Local News

  • Car crashes through Advance Auto in Dry Ridge

    A Ford Taurus crashed through the front entrance of the Advance Auto Parts on Brentwood Drive in Dry Ridge at about 10:45 a.m. April 25. According to retail manager Cody Shell, the driver, later identified as Leonard Owens, said he came to the store in need of new brakes.

    Shell was outside tending to a check engine light when he noticed the car slowly approaching the store. He was checking his data sheet when he heard a loud sound.


    • March 1
    Scott Crisler, 890 Jacob Drive, deck, 480 square feet, estimated cost $1,800; permit fee $53.50.
    • March 3
    Tom Smith, 122 Charles Givin, car port, 560 square feet, estimated cost $2,200; permit fee $65.70.
    • March 7
    Thomas Brag, 8200 Taft Highway, porch and roof, 600 square feet, estimated cost $13,000; permit fee $162.28.
    • March 13
    Jonathan Aquazel, 4775 Elliston-Mt. Zion Road, doublewide, 1,568 square feet, estimated cost $30,000; permit fee $114.55.
    • March 17

  • 911 Board to hold public meeting to discuss funding

    A town hall meeting to dicuss 911 funding options is still set for 5 p.m. Thursday, April 27, despite confusion  whether the meeting had been cancelled.

    Judge-Executive Steve Wood said April 25 that the meeting to discuss potentially implementing a countywide unit service fee as a funding mechanism for the 911-dispatch service had been cancelled.

    Wood said he spoke with the other board members, which includes mayors from the major cities in Grant County, and the majority consensus was to call the meeting off.

  • Tensions rise at jail budget meeting

    Discussions at a jail budget meeting on April 24 turned sour when members of the Grant County Fiscal Court and officials from the detention center sparred over the necessary number of jail staff and the use of labor from Class D inmates.

    Jailer Chris Hankins and Major Jason Hankins presented their case for the fiscal court to approve provisions for additional employees at the jail, pointing to a staffing analysis from Rodney Ballard of the Kentucky Department of Corrections that recommended 48 active employees.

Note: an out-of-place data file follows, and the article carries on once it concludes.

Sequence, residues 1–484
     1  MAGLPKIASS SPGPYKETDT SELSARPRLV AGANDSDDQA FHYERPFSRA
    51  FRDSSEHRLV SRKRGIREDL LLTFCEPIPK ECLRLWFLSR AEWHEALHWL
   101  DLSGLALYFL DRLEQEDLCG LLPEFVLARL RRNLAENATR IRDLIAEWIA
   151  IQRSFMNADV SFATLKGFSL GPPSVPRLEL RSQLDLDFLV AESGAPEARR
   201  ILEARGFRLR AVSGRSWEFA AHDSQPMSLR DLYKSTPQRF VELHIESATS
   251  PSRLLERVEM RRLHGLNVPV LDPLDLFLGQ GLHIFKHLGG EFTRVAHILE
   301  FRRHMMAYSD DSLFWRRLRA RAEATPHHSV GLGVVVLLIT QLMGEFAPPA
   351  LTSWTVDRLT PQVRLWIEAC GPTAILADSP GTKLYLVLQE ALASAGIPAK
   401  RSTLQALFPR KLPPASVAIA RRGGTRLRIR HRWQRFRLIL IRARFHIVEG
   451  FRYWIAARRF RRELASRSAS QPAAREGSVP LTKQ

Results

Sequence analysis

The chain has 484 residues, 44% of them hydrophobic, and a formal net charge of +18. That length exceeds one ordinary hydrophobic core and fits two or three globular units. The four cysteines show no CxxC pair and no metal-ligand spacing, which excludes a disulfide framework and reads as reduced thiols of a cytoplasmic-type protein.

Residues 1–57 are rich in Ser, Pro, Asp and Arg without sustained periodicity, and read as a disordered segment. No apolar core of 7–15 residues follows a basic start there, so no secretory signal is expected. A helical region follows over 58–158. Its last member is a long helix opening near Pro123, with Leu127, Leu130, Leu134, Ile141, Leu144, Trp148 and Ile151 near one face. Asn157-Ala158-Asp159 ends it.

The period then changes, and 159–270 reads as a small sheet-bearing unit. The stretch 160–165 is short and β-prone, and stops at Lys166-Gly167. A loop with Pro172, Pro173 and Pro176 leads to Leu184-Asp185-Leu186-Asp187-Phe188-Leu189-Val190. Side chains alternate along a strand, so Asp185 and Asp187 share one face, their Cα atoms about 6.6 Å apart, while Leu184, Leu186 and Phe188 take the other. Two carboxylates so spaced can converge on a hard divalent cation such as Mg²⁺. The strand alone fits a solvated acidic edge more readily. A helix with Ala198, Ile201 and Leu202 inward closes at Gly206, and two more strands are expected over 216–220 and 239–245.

• Second fire hits Turner Road in a month

    For the second time in one month, a mobile home fire broke out near the 3000 block of Turner Road on the outskirts of Williamstown. Firefighters responded to the call at about 5:30 p.m. April 19, and were able to knock down the fire in the bedroom, according to Williamstown Fire Chief Les Whalen.

  • Woman found unconscious from possible OD

    Police will not be arresting the woman who was found unconscious in the bathroom at the Subway in Williamstown from a possible overdose.
    Williamstown Police Chief Al Rich said his department will file an incident report to document the situation. Rich said several Emergency Medical Service employees were in the Subway ordering lunch when the woman was discovered in the restroom, but they did not have to transport her to the hospital or inject her with Narcan, a prescription medication that blocks the effects of opioids and reverses overdoses.

  • Derby Day coming to Williamstown

    The Grant County Animal Shelter is still working to maintain their nationally esteemed status despite dealing with staff reductions and the loss of labor from the Grant County Detention Center in the past year.
    The shelter has a storied history, going from a 96 percent euthanasia rate for dogs in 1997 to being named

  • Businesses react to safety fee

    Two local businesses, including the famous Ark Encounter, are expressing their disappointment about the safety assessment fee approved by the Williamstown City Council on April 18.
    The 50-cent fee on single admission charges or participation charges applies to admission-based businesses within the city.
    Mike Zovath, chief action officer for the Ark Encounter, said there was no communication between his communications team and the Williamstown City Council, and added that the passing of the safety assessment fee was a total surprise to them.

  • Shipp honored for medical career

    Darl Shipp clinched the steering wheel of his car as he began to cry. He had just finished an hour-long conversation with his terminally ill friend, who had been his patient for years. He knew that death was one of the unfortunate realities of his occupation, but that didn’t change the heartbreak he felt in that moment.

  • Boltz Lake warning lowered to Watch Level

    FRANKFORT—The Kentucky Division of Water (DOW) and the Kentucky Department for Public Health (KDPH) have reduced the harmful algal bloom (HAB) recreational public health warning for Boltz Lake in Grant County to the “watch” level.